Hormones-A Fine Balance

 

 

In my practice I see the hormonal results of 21st century Western living. Some traditional doctors do not like the phrase ‘balance the hormones’, but to me it makes sense.

 

Throughout a woman’s life, hormones go up and down. This can run smoothly, or not. Many women experience a cycle change with lifestyle. Emotional or physical stress, travel, sleep deprivation or erratic diet.  Around the time of the perimenopause hormones can be very out of balance, resulting in irregular periods, heavy periods, mood swings, flushes and brain fog. Keeping a fine balance can be influenced by lifestyle.

 

The two main female hormones are oestrogen and progesterone. Their levels and ratio vary, leading to symptoms. As well as other major hormones such as thyroid and cortisol, women also have a small amount of male hormone too. These are all ultimately controlled by a small gland in our brain called the pituitary. All the hormones affect one another and can have a knock-on effect.  

 

Measuring hormones can be difficult. Blood tests can give a snap shot and are less helpful after the age of 45 when investigating menopause. A clinical history is far more important.

 

There are many different hormone tests, and some are more useful than others. They can also be quite expensive. It is always good to start with a good medical history and examination with a doctor who can look for patterns and indicators into hormones being out of balance. The right test can then be chosen to do further ‘detective work’. Many women come to see me to ask for an oestrogen level check in the blood, but I often have to explain that this is not always the most useful thing to look at.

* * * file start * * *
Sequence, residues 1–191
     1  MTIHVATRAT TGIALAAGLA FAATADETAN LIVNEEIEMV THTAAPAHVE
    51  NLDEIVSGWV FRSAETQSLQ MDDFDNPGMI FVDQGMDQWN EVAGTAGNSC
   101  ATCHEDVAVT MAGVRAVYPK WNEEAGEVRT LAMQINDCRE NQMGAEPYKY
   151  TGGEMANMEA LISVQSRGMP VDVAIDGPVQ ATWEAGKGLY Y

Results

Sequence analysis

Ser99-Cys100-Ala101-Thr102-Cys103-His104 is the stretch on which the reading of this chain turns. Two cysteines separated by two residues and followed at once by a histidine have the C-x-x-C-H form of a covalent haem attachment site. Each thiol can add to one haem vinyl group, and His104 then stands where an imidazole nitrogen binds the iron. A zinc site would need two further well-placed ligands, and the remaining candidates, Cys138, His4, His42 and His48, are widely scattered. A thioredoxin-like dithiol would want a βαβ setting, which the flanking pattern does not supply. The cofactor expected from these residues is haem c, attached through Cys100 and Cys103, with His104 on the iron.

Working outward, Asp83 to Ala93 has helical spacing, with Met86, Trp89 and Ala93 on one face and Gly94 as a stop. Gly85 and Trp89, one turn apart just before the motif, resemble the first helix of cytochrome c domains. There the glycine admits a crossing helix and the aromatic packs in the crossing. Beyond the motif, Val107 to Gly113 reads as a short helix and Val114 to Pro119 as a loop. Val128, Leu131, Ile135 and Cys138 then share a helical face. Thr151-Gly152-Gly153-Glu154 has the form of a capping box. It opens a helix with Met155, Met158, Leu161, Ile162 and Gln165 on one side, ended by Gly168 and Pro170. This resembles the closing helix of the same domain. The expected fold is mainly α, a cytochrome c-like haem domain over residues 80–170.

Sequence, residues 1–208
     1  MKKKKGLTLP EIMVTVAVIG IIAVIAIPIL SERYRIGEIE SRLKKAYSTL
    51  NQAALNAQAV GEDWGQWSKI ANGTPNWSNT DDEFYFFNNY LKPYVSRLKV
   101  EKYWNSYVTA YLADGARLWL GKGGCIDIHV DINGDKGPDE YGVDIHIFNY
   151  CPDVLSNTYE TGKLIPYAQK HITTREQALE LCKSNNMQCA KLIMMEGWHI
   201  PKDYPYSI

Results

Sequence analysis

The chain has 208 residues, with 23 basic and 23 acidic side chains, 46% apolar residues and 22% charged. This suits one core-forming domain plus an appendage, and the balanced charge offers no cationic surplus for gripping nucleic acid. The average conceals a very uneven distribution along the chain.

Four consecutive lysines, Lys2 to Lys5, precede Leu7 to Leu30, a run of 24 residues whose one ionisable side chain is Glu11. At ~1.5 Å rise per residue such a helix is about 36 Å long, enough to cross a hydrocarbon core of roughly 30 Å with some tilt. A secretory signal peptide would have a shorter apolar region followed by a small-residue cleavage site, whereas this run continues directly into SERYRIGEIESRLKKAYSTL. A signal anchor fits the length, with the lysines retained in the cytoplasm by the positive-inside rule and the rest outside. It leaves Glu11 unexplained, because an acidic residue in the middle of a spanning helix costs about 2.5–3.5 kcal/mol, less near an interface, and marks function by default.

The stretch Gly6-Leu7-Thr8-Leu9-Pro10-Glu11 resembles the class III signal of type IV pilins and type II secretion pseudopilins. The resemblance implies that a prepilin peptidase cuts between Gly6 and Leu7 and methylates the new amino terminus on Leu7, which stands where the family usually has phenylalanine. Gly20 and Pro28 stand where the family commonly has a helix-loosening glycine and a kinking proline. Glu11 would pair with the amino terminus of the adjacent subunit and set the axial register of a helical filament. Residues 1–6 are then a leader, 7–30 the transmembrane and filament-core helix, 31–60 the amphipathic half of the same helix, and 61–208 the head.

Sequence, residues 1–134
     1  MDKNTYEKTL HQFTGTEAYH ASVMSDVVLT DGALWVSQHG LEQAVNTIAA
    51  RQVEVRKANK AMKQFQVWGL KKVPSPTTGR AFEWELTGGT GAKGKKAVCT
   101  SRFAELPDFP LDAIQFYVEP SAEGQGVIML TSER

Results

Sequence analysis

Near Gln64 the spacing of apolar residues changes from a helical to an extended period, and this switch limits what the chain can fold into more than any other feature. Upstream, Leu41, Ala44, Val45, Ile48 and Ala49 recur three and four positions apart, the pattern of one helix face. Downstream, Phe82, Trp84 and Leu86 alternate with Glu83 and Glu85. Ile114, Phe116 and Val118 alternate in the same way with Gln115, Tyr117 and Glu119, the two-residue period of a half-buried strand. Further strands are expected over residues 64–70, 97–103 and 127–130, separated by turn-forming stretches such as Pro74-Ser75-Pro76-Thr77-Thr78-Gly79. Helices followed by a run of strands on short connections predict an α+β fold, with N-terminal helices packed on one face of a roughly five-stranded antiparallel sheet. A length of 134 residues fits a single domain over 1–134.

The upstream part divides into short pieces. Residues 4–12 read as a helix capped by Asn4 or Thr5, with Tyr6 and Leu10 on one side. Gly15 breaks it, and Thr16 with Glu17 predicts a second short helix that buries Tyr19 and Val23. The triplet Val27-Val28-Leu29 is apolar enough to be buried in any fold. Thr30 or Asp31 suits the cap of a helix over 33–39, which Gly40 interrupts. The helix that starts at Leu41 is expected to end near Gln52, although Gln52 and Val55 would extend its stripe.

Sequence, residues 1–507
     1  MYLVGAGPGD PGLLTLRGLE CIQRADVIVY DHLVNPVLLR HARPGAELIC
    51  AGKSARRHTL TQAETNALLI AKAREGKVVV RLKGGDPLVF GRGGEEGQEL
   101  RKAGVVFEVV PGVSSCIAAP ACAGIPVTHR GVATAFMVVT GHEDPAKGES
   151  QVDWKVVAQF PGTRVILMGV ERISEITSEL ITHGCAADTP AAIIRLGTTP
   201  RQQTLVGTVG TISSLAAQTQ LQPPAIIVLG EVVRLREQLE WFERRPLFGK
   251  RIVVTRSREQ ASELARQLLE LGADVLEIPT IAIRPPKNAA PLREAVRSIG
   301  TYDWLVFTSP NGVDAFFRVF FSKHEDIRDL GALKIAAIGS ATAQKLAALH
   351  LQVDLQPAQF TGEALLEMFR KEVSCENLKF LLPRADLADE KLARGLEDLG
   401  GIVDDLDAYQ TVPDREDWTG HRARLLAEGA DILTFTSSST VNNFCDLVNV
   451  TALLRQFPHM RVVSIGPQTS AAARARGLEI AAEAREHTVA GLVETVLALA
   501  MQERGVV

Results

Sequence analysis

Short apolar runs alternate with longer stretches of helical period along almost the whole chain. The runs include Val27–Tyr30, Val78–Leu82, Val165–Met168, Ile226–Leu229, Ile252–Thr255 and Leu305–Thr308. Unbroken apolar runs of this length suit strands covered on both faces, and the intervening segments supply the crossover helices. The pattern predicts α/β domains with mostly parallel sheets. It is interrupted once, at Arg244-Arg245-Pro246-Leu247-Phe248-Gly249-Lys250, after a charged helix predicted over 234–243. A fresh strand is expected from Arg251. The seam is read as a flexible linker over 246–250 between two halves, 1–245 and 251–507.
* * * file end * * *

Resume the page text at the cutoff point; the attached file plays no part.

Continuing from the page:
There are common patterns, that as doctors, we can diagnose and treat. Polycystic ovarian syndrome, hypothyroid, perimenopause, etc. When looking at addressing imbalances of hormones, many patients would rather get to the root cause than just take a pill. This is ever so true in polycystic ovarian syndrome (PCOS) in particular which is a condition on the rise.

 

One aspect of PCOS is that hormone metabolism of the male hormone Testosterone, which is present in small amounts in women, can start to favour a certain metabolic pathway called 5 alpha reductase (5AR). This can result in metabolites, or bi-products, which are even more androgenic or male like, leading to acne, weight gain round the middle, mood swings and irregular menstrual cycles. The irregular menstrual cycle then leads on to more oestrogen and less progesterone, which further drives on the 5AR pathway.

 

This pathway can be blocked by strong prescription drugs.  This can be useful in men with prostate cancer as the 5AR pathway can also be over used in male patients and the drugs are designed to block this pathway. These drugs can be powerful, with lots of side effects. For women, with this dominant 5AR pathway, it can be interesting to try a dietary and lifestyle approach to try and make an improvement. Some herbal remedies along with optimisation of nutrients such as zinc, can also reduce the 5AR pathway, but more gently and balancing than drugs. I have used this to good effect in treating some cases of PCOS.

 

One patient I saw was a 30-year-old student whose PCOS was causing very erratic periods, weight gain and low mood. She was fed up. She was rapidly gaining weight and losing her confidence. When she came to see me in the summer of 2017, she had stopped going out and had missed out on her studies. She had ended up being prescribed the pill and an anti-depressant and felt awful. Slowly, we worked through her diet, blood sugar balance and a range of supplements. She worked on stress reduction with some lifestyle techniques such as daily 10-minute meditations and sleep prioritisation. She corrected some nutritional imbalances she had and slowly over the next 6 months she weaned off the medication and her periods returned to normal.

 

To me, her hormones needed a rebalance. Sometimes medications can be an absolute life saver, but sometimes we need to peel away the layers and get back to the root cause and look at diet and lifestyle to put the balance back. We obviously need more research into some of these lifestyle factors which can affect our hormonal pathways. In the meantime, I like to try and take a safe natural approach where possible and do some good. 

Ultimately, people want to learn what they can do to take control and get some balance back in their lives.

Laura Quinton